As reported by AFP, not all water politics are tales of animosity or conflict – there are some examples of successful cooperation. West African heads of state recently adopted a 5.5 billion-euro (8.6-billion-dollar), 20-year rescue plan to save the Niger River from extinction and guarantee the future of 110 million people. As the article noted:
“…The green light for the vast project was given by members of the Niger Basin Authority (ABN), an intergovernmental group comprising the nine countries irrigated by Africa’s third longest river and its tributaries, specifically Burkina Faso, Benin, Cameroon, Chad, Guinea, Ivory Coast, Mali, Niger and Nigeria.
The programme will consist of reafforesting, rehabilitating plains and removing silt from the 4,200 kilometre (2,600 mile) long Niger snaking through Guinea, Mali, Niger and Nigeria.
…The Niamey summit also adopted a Warter Charter to ensure that ABN members share the river’s resources fairly and responsibly.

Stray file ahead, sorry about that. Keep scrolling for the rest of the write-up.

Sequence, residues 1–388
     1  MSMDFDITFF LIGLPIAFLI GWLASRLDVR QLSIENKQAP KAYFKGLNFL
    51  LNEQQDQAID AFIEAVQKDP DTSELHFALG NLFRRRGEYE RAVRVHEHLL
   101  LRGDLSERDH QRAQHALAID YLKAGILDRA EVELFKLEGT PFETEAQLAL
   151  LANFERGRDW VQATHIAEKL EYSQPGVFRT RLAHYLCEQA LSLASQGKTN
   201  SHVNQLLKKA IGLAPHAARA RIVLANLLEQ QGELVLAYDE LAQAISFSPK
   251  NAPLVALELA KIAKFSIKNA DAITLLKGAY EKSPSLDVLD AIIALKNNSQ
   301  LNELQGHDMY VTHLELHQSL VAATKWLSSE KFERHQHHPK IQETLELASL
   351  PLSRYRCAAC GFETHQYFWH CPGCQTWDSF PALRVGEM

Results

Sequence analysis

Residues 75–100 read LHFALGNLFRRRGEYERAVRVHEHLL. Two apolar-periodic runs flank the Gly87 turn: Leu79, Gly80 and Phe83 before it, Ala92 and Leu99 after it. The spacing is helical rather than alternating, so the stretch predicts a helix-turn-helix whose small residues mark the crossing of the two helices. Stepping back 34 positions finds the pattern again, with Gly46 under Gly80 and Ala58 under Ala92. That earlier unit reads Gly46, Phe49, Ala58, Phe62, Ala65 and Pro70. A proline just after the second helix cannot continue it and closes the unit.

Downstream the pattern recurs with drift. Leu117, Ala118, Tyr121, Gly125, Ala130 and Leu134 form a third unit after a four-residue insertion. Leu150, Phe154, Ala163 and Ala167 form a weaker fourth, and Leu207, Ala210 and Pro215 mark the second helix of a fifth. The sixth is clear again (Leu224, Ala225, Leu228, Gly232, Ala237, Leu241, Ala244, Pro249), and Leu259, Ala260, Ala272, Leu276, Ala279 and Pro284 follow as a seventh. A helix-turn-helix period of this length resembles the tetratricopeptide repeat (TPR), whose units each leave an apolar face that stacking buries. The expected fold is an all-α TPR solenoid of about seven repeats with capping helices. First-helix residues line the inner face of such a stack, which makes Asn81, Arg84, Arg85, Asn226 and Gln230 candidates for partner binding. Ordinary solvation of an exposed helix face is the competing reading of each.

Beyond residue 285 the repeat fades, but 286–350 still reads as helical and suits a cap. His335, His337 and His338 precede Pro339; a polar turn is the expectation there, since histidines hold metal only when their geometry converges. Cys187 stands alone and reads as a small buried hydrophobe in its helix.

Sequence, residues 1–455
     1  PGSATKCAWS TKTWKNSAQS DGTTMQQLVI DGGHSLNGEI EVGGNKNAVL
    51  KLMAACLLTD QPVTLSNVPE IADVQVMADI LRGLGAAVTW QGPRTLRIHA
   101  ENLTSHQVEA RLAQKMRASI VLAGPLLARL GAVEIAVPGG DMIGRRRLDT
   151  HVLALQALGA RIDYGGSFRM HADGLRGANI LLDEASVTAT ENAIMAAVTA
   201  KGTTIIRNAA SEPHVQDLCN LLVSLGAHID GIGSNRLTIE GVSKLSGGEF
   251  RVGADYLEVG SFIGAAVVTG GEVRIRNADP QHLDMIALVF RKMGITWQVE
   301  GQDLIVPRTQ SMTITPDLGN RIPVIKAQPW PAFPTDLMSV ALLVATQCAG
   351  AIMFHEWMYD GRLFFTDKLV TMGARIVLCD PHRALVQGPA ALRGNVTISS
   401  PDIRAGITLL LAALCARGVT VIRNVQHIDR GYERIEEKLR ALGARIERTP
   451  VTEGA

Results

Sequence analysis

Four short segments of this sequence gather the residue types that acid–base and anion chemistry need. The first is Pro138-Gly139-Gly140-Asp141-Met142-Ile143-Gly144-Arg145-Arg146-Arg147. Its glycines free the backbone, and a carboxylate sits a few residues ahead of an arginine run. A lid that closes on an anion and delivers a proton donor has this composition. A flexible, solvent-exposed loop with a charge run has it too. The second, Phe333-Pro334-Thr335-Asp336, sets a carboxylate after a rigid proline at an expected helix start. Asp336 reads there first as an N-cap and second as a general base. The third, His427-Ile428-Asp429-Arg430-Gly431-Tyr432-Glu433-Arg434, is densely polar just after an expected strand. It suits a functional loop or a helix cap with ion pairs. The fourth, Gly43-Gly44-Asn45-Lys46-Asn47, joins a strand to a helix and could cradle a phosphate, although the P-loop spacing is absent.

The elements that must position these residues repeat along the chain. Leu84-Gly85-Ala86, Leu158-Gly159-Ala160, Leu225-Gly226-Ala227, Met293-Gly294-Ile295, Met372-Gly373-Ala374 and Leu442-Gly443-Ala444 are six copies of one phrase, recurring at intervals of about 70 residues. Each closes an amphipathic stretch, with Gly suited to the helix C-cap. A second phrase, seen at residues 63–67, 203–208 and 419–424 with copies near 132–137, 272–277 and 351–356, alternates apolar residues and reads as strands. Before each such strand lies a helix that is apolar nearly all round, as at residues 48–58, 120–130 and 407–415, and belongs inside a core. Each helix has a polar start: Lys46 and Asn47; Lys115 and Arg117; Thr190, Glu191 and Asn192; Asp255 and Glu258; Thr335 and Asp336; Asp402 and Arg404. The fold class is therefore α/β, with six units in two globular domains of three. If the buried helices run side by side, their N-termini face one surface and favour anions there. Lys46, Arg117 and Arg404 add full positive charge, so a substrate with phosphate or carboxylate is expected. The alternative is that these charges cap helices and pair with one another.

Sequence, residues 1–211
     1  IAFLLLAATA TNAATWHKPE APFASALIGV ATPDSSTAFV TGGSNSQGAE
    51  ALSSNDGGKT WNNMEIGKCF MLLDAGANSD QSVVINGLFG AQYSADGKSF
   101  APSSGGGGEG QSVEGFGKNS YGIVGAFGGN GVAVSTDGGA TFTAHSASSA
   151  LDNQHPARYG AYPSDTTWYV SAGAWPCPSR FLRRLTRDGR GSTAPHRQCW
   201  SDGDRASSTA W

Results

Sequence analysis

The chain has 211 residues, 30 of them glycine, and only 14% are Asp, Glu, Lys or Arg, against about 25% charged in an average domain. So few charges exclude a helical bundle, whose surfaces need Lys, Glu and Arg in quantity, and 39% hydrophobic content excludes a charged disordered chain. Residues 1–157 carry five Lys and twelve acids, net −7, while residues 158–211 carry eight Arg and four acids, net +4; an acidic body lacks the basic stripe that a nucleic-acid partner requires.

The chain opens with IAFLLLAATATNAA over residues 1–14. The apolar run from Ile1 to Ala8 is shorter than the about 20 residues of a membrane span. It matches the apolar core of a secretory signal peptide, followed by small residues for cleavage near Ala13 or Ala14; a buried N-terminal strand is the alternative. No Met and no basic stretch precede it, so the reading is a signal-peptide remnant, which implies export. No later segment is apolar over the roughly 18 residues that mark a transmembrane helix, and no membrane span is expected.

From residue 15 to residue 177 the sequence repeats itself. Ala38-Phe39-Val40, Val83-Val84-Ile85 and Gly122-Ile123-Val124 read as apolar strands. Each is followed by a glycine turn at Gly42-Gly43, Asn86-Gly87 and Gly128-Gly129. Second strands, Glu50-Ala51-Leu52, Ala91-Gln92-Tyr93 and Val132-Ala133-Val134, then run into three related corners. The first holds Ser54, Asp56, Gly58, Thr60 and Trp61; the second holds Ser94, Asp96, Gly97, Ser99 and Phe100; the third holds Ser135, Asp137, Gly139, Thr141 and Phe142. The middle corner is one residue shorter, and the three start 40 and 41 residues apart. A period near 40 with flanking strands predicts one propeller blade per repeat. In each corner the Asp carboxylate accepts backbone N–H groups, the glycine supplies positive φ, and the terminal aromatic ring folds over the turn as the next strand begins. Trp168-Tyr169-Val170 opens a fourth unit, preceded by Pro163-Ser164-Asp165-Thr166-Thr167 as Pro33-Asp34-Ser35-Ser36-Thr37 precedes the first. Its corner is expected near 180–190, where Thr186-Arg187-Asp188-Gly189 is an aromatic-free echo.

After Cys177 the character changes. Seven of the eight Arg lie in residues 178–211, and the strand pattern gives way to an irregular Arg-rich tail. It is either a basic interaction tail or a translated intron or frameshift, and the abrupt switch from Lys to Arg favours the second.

When this is implemented, countries will only be allowed to use water to satisfy people’s most basic needs. Any nation found to be consuming excessive amounts of water or polluting the river will be fined or taxed accordingly.
…At the start of the summit, Niger’s President Mamadou Tandja expressed his concern over the drastic fall of up to 55 percent in the river’s flow over the past 20 years, mainly due to climate change and growing populations.
He warned that “the challenges and stakes” of improving the Niger river basin were now larger than ever and carried a heavy potential price for the future security of both food and water resources.
The existence of Africa’s third largest river after the Nile and Congo is seriously threatened by drought and silting up drastically reducing its flow….”
You must be logged in to post a comment.